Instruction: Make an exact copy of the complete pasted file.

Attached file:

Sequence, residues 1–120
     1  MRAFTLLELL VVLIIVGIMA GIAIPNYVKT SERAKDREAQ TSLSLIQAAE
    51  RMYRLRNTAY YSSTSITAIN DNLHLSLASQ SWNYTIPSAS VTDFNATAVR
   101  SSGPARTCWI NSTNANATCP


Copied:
Sequence, residues 1–120
     1  MRAFTLLELL VVLIIVGIMA GIAIPNYVKT SERAKDREAQ TSLSLIQAAE
    51  RMYRLRNTAY YSSTSITAIN DNLHLSLASQ SWNYTIPSAS VTDFNATAVR
   101  SSGPARTCWI NSTNANATCP